Icons can make any user interface more intuitive by their simple and symbolic visual presentation. Some of us have become so familiar with some icons that we can easily recognize their meaning without any words.
We can even say that icons created their own symbolic language in modern technology. We don’t need to explain anymore what a “hamburger” icon means or what this one stands for.
Icons can be a great addition to your design and I would strongly recommend using them.
I’ve been exporting my icons into PNG or GIF files and using them as regular images for many years. There was just no other way that would be supported by most popular browsers.
However, there are at least a couple of problems I have regularly dealt with in my work when I used icons as regular images:
- Size – I had to create many different sized versions of the same icon which is inefficient and time consuming.
- Color – I had to create big sprites of icons when I needed different colors of the same icons.
- Retina display – every icon image needed another version for retina display which is also time consuming and more difficult to maintain.
- Effects – there was a limited amount of effects I could do on images; for example, it wasn’t easy to make a smooth color transition.
- Exporting images – exporting bigger sets of icons was really time consuming when I had too many icons and they were all designed in a specific style.
- Code – there were many lines of code I had to manually type into my CSS to set up all the images under specific classes and sizes.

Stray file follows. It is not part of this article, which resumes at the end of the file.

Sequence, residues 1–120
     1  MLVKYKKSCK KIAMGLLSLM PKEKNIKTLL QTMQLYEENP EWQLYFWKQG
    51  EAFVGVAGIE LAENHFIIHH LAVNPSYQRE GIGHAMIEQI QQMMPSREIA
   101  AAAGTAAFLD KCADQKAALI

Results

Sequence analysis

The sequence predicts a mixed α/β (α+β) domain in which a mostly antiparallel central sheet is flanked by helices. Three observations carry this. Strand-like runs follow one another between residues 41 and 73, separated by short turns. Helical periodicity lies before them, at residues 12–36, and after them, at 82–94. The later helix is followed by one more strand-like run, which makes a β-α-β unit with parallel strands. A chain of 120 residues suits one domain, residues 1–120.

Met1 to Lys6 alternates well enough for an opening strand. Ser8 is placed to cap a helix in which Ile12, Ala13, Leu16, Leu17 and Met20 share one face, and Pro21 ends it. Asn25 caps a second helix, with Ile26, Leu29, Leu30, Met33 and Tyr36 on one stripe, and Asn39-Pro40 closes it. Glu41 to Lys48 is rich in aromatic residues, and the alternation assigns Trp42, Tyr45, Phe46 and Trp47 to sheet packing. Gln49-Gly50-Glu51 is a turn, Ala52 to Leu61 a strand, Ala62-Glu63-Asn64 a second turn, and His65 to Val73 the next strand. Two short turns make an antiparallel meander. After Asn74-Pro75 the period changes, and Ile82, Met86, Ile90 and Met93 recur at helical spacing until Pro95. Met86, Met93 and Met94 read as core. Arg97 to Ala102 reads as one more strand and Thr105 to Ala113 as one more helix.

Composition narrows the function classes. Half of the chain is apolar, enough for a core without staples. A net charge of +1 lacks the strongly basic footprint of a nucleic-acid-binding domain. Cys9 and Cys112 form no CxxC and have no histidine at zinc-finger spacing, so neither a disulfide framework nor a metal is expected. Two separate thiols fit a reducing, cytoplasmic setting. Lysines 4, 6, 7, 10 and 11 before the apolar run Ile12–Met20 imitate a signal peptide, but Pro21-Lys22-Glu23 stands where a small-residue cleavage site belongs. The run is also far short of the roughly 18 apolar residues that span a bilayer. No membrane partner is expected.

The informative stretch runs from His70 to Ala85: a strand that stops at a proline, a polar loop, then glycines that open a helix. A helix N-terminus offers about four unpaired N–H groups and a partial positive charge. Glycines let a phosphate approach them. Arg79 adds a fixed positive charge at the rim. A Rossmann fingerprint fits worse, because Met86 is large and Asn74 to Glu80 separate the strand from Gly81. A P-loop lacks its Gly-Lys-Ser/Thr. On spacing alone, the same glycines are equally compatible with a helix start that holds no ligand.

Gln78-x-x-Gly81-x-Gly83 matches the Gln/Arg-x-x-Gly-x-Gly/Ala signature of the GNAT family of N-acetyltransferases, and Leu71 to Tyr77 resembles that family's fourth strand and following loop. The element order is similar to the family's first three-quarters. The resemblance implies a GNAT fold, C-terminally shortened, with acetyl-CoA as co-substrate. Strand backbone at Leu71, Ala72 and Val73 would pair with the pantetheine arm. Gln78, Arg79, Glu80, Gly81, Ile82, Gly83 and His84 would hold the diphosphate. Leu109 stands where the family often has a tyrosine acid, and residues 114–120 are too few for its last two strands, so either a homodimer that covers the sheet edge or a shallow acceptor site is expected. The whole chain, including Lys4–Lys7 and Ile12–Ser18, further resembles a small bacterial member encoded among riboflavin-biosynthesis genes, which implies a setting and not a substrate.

- Performance – images add weight and more http requests which only slows down your entire website.
Well, what if I told you that icon fonts solve all of these problems and are super easy to use, maintain or even to create your own? Additionally, this new method is very well supported by all major browsers. So, let me first explain what an icon font is…
What is icon font?
Icon font is nothing more than a typical font that you’ve been already using in your projects. When you look closer into a font file, you’ll see that it’s just a table of characters. Each character is a vector shape. Now, you can simply replace those vector shapes representing characters with any shapes you want.
Using that method you can create your own font full of your own shapes that can be used in the same way as you display text in HTML. As you can assume, your icons can be resized to any size you want, you can easily change their color and even apply any CSS3 effects or animations like you would do on any text. Moreover, icon fonts are more efficient because they are not so heavy and require only one http request to load one font file.
Every icon has its own character or symbol that you can easily display in HTML or CSS. Here is an example:
Font icons fixed my problems with: size, color, retina display, effects, code and performance.
However, it was still difficult to maintain it and create my own sets. There are tons of icon sets that are already converted into fonts and you can use them but what if you need only a few icons from the entire set or if you want to add your own icons?